The rise of vaping among teenagers has led to the creation of a moral panic in Britain. It is the subject of BBC Question Time debates. The tabloids have been licking their lips with scaremongering headlines written in Caps Lock. The government are fast-tracking attempts the ‘crack down’ on loopholes.
And, admittedly, there are fundamental concerns which rightly need addressing.
High lead and nickel levels have been found in illegal vapes. Companies are harnessing their newfound audience, marketing their products to teenagers through the creation of sweet inspired flavours like ‘Skittles’ and ‘Gummy Bears’. The prevalence of usage between 11-15-year-old children is expected to be as high as 15%. Schools are struggling to grapple with students disengaged and leaving lessons to instead have a few tokes on their Elf Bar or Elux.
As a drug reform advocate, this reaction of outrage is hardly surprising. One only need look at the furore surrounding nitrous oxide use or ketamine on university campuses. However, it is particularly resonant when it comes to legalising cannabis in Britain for recreational use.
“What about the impact of weed on a child’s brain and development? Why make this more accessible?”
“Have you not seen what’s happened in Canada? Legalisation has seen a sharp rise in children going to hospital with poisonings after consuming edibles?”
“The smell of cannabis near children’s bedroom windows can ruin lives?” (see Keir Starmer).
The concerns are natural. I have often thought the same. However, the discussions surrounding the vaping ‘epidemic’ only strengthen the need for cannabis legalisation and control. Use amongst children should not be seen as an Achilles heel. It should instead be used to reframe the debate around public health, safety and protection among teenagers.
In a 2018 survey, 21% of fifteen-year-olds surveyed reported trying cannabis in Britain. Naturally, cannabis is the first drug young people mostly tend to experiment with, being socially acceptable and easy to access. Many have unproblematic relationships with it.
However, from anecdotal experience working in a pupil referral unit in Wakefield, some teenagers possess unhealthy addictions. Seeing children arrive into school so high they can barely listen to what you’re saying is not a pretty sight. Hearing of use since the age of twelve worries me. Learning that kids are smoking three to five spliffs a day at the age of fifteen is highly concerning. The obsession with the dealing culture and being ‘runners’ – boasting of the cash they have earnt, is something I feel uncomfortable around. I have had my eyes opened to a darker side of the same industry I want legalising.
This is precisely the logic that has driven the ‘Just Say No’ campaign. It is the concern shared by many that legalisation would create unchartered levels of danger for children. It is the notion that liberalisation would be unresponsible.
However, reality is different.
In the US where liberalisation has occurred, multiple studies have shown that levels of use by adolescents have not increased and in some cases declined. Moreover, regulating the market has allowed for places of access to be controlled – with dispensaries located away from schools, whilst ID is required. Additionally, advertising restrictions are implemented – preventing the product from being tailored to a teenage audience. Also, medicinal cannabis among young people can be life changing. It has proven to be instrumental in cases relating to epilepsy, shown by Hannah Deacon’s son who has now gone over 1000 days without a seizure – previously suffering 150 a week. There is also further research being conducted into using it medicinally to ease behavioural disorders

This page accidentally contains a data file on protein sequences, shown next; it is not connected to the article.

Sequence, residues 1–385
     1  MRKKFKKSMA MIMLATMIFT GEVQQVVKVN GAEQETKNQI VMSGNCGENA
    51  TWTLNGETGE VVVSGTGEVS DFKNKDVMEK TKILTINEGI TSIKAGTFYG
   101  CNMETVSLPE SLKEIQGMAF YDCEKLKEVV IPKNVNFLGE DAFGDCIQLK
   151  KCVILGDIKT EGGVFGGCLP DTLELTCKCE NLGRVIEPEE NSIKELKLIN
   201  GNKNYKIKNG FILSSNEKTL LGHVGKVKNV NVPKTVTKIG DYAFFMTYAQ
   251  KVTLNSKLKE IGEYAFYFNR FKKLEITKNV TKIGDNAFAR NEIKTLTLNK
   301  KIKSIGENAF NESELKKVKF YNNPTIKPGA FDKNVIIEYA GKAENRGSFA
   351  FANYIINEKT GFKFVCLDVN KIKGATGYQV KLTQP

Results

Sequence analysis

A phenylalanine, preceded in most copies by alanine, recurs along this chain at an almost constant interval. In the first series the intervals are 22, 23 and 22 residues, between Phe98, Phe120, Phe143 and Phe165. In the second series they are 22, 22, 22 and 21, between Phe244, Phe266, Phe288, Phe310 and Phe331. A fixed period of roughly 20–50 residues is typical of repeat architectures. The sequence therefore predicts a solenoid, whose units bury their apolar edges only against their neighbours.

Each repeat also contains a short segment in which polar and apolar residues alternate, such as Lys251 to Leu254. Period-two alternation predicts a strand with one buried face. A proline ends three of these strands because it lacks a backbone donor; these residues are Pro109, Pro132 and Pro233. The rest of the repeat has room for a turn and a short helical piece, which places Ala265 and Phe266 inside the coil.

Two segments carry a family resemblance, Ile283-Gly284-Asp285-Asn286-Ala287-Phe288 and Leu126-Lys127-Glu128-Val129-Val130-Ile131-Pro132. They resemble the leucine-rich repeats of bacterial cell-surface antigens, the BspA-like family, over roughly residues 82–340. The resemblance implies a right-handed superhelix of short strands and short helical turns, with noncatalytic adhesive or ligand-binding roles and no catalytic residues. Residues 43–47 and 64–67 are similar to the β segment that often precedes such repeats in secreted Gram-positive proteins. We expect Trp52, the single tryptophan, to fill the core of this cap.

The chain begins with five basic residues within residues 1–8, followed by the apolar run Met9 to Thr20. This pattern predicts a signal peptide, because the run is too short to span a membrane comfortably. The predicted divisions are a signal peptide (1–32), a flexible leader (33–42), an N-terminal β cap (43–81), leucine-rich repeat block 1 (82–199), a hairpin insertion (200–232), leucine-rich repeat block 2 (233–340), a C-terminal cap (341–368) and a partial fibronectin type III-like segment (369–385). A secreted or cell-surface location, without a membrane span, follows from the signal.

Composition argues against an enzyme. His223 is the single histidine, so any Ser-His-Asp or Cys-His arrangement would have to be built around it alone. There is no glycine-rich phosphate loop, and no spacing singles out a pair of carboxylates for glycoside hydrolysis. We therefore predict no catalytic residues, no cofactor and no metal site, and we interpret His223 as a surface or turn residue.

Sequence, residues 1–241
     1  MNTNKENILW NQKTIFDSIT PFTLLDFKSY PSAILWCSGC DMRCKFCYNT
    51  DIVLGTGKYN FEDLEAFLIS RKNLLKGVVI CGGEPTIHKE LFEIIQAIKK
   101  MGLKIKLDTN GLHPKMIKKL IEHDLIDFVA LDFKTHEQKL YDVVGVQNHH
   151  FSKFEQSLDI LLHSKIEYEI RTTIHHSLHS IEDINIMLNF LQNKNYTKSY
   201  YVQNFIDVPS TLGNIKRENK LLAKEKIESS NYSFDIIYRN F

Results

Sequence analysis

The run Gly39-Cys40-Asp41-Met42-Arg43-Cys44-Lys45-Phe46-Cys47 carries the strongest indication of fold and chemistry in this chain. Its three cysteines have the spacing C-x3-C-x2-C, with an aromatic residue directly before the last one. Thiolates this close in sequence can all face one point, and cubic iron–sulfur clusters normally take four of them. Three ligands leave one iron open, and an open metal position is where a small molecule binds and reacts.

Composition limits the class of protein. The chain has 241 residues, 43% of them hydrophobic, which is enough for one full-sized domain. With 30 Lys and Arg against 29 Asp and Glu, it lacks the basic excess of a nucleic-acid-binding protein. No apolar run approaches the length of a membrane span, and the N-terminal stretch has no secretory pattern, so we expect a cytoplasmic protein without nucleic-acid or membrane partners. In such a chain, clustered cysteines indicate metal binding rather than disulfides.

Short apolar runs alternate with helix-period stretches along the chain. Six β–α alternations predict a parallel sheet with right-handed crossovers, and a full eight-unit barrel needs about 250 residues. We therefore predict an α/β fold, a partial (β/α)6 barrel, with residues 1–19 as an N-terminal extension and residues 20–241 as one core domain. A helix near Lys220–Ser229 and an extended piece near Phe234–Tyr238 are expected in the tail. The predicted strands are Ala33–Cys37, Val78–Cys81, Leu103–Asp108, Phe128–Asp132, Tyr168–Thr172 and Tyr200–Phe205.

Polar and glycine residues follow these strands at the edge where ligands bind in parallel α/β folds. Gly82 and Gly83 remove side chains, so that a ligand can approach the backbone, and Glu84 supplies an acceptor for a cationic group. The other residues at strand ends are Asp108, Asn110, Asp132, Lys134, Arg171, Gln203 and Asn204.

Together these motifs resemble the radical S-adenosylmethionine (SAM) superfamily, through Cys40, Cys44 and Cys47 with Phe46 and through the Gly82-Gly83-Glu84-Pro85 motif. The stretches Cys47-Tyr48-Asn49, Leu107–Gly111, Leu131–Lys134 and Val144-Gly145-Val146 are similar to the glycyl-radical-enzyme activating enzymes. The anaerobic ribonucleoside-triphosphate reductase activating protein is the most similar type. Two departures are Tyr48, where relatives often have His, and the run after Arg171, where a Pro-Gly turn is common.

These are precisely the positive effects of legalisation that need to be harnessed and made clear to people. Thinking creatively and being transformational is also a must to capture the attention of those hesitant to reform.
Education is a prime example of this. There is always a reason behind why people use cannabis. The majority of it is innocent. However, among young people, it can be an escape from toxic home environments or trauma. With legalisation, an effective development of mental health services could be expanded, utilising money generated from the market to develop this and supporting children. Also, an acceptance to progress beyond teaching abstinence inside the classroom would build generations of well-informed individuals. This has been beneficial for sex-education – why not expand it for drugs?
Admittedly, it is always a hard battle fighting a media and political class firmly committed to the war on drugs. However, recent opinion polls show that a majority of people in Britain do support legalisation. The recent scrutiny placed on vaping is emblematic of the discourse surrounding the fears of a legal market. Yet, as has been shown across the world, usage can be contained. When combined with better education and more focus on why children do use weed, a more accepting and transformational solution could be found.
Ultimately, reformers should not shy away from embracing cannabis legalisation when it comes to children. It could be the argument that helps them win over the sceptics.
Matt is a freelance journalist for Volteface and aspiring policymaker on drug reform. His most notable project to date was undertaking research in Chicago on cannabis social equity measures in Illinois, contributing to an emerging field of policy analysis in the process. Matt is particularly invested in liberalising the UK’s approach to decriminalisation and harm reduction. For any queries, please contact email@example.com